I recently read this and wanted to share it as we approach the season of Christmas.
…[W]hen a festival goes as it should, men receive something that it is not in human power to give. This is the by now almost forgotten reason for the age-old custom of men wishing one another well on great festival days. What are we really wishing our fellow men when we send them “best wishes for Christmas”? Health, enjoyment of each other’s company, thriving children, success – all these things, too, of course. We may even – why not? – be wishing them a good appetite for the holiday meal. But the real thing we are wishing is the “success” of the festive celebration itself, not just its outer forms and enrichments, not the trimmings, but the gift that is meant to be the true fruit of the festival: renewal, transformation, rebirth. Nowadays, to be sure, all this can barely be sensed behind the trite formula: “Happy Holidays.”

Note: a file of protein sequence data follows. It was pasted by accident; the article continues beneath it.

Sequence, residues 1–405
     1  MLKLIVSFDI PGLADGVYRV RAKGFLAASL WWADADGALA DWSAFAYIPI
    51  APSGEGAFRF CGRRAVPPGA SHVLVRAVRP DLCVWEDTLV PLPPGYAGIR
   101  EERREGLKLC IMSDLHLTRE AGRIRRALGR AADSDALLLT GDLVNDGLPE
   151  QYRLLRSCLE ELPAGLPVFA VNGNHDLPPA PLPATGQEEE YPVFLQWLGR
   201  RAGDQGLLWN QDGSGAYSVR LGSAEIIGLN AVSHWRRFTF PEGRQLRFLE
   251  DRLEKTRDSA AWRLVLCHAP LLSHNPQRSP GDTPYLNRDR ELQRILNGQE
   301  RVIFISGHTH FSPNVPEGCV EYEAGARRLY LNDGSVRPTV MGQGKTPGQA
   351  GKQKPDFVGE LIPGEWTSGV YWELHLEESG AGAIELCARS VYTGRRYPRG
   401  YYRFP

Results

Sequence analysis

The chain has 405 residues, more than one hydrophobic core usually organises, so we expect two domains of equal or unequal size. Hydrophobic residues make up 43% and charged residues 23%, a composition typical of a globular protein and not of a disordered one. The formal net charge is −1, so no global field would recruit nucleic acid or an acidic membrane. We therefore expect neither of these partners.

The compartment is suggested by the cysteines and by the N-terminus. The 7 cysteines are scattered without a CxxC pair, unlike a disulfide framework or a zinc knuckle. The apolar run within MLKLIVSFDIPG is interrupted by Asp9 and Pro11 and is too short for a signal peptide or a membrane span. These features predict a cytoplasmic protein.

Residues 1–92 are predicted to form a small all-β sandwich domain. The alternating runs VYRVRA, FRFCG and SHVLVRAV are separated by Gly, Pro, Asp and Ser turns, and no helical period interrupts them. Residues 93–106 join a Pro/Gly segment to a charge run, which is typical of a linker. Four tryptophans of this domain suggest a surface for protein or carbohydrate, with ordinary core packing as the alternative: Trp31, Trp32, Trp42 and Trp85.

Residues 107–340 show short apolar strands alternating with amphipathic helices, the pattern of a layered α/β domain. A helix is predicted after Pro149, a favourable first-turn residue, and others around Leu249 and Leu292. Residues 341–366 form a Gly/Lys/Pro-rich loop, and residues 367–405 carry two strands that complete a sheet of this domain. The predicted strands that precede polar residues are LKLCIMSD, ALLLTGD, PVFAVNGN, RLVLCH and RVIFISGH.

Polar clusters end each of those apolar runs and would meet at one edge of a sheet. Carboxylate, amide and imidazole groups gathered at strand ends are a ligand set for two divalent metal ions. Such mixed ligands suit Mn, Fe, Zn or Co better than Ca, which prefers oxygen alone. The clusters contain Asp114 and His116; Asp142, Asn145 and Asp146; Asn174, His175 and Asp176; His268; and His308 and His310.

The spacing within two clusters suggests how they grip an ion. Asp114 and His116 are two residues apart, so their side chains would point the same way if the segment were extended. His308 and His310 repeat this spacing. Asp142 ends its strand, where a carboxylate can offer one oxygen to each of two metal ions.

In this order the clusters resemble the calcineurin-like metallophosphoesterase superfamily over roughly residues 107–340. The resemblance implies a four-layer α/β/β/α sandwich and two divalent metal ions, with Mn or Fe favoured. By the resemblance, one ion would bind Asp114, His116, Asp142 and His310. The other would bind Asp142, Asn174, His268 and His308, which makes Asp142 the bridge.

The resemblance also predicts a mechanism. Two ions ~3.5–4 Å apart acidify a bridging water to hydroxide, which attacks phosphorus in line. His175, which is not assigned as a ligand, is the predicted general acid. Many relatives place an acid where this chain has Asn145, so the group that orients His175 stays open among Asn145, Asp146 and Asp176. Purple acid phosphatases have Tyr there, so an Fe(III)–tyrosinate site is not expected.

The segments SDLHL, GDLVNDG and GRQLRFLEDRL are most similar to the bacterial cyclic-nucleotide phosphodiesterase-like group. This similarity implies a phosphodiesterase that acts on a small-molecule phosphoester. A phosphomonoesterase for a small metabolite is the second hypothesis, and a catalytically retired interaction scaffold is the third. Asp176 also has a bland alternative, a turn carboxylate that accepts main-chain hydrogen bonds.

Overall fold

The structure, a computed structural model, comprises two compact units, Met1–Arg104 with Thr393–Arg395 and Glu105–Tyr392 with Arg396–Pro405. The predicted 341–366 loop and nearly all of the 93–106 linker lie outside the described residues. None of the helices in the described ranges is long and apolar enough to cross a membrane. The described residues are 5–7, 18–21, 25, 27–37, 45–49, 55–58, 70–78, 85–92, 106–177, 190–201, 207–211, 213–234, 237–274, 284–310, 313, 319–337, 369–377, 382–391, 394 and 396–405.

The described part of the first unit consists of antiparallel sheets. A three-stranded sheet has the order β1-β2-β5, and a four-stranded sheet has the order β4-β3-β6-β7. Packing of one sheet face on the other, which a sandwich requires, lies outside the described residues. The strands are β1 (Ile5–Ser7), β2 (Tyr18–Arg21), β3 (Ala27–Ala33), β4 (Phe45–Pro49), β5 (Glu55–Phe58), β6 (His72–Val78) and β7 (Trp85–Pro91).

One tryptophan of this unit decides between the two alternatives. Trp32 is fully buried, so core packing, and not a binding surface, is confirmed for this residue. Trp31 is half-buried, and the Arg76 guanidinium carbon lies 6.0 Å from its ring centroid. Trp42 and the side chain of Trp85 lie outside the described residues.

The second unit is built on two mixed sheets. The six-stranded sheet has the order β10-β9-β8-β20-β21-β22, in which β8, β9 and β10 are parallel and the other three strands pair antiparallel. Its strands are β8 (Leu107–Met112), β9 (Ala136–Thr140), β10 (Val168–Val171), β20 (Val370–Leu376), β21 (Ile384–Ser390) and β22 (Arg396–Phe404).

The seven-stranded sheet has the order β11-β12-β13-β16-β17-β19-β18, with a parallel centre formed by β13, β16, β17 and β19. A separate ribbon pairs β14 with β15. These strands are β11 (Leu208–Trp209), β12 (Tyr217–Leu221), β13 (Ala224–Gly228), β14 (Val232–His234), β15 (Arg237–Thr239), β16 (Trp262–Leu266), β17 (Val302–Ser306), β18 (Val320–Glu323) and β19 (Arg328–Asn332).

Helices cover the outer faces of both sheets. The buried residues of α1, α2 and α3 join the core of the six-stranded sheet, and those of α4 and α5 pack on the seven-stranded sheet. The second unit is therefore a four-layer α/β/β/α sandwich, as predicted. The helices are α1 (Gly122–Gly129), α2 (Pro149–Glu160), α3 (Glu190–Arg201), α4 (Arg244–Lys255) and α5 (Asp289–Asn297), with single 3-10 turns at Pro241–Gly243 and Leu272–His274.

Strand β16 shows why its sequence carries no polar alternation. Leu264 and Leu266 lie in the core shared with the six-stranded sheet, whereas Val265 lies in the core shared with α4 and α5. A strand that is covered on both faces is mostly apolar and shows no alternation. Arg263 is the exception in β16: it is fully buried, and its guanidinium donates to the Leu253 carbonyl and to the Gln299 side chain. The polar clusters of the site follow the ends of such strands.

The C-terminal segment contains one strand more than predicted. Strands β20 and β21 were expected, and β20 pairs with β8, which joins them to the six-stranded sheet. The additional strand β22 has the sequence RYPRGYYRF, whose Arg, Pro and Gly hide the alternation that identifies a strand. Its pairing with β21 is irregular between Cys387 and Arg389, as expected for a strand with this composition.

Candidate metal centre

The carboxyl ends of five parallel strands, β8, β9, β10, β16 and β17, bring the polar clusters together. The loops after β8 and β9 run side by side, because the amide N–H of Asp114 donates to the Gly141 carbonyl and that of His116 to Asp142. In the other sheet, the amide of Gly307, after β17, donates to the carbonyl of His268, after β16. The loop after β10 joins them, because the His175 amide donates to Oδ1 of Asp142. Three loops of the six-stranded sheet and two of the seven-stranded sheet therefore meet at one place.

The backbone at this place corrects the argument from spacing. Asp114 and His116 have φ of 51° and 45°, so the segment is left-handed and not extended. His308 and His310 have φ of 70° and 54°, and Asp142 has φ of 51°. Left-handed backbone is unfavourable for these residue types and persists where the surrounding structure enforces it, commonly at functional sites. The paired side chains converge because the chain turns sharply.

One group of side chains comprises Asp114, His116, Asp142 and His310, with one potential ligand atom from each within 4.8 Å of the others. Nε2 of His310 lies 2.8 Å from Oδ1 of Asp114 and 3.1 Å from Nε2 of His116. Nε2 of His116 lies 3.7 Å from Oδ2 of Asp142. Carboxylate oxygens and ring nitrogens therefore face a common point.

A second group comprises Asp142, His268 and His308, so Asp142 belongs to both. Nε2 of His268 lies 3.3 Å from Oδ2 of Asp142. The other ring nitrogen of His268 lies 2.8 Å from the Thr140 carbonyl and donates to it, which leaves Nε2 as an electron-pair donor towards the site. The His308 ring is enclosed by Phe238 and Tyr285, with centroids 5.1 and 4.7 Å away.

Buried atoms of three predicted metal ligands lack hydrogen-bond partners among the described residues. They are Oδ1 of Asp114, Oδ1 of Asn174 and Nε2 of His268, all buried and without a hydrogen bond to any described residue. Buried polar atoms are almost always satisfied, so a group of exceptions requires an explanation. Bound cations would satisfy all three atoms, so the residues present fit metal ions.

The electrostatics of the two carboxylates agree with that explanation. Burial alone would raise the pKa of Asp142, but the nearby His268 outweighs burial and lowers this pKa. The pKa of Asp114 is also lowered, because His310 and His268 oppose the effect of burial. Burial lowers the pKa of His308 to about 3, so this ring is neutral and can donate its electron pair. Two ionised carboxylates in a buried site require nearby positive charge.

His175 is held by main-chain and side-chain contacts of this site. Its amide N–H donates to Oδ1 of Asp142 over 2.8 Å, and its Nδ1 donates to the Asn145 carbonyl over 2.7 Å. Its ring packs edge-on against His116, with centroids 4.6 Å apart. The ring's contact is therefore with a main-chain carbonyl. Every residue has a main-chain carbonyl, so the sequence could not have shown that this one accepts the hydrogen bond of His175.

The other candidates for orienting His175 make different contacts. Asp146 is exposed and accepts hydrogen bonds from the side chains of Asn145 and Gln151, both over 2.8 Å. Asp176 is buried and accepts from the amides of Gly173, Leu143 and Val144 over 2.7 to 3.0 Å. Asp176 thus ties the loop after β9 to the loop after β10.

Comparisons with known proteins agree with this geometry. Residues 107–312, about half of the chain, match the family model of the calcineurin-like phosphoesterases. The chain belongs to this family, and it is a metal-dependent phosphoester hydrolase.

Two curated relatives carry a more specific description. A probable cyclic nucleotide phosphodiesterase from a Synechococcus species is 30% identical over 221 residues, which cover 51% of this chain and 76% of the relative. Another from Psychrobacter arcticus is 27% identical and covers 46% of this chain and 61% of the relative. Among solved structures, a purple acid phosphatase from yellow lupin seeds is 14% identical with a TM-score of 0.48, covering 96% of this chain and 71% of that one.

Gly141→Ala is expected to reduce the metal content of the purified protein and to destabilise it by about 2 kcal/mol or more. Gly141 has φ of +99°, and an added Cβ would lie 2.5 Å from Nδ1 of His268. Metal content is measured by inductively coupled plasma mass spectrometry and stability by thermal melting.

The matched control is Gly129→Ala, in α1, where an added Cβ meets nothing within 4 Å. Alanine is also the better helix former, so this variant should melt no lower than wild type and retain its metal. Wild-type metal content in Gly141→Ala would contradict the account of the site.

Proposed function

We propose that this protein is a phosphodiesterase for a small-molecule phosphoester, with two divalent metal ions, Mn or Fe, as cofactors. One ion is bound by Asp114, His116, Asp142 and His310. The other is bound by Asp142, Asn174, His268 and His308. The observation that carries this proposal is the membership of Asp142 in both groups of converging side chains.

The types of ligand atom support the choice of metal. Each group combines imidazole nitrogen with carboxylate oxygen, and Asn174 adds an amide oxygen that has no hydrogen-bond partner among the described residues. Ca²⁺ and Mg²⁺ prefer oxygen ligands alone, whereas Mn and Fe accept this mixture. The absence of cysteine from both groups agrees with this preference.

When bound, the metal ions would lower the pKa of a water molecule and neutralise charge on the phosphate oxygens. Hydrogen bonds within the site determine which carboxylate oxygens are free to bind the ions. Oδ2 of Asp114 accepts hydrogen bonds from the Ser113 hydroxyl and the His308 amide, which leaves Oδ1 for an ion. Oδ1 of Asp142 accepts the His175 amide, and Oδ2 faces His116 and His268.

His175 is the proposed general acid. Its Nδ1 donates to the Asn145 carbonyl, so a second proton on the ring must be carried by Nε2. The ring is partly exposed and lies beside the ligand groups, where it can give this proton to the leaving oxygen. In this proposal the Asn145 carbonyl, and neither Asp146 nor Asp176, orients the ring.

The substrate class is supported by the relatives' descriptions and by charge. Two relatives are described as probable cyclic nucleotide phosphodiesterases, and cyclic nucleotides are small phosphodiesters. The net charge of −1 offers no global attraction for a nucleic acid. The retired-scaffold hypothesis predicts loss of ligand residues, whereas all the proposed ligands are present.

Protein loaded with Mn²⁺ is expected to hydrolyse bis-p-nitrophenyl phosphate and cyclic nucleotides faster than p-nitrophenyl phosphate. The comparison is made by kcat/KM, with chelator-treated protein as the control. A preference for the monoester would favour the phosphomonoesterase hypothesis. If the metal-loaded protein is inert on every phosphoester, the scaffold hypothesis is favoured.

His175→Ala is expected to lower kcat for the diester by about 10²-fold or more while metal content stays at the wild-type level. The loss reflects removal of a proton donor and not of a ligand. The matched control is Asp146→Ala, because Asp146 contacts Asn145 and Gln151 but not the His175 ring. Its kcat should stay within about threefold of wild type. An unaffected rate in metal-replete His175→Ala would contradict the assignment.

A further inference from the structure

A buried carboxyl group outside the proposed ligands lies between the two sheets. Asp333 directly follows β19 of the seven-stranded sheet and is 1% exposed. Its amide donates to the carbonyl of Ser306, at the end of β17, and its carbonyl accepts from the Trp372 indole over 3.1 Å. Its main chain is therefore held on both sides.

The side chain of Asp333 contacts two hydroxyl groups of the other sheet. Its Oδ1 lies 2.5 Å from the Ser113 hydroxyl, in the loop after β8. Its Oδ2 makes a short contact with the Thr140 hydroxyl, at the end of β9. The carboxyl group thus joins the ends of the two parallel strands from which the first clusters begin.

From Josef Pieper’s In Tune with the World: A Theory of Festivity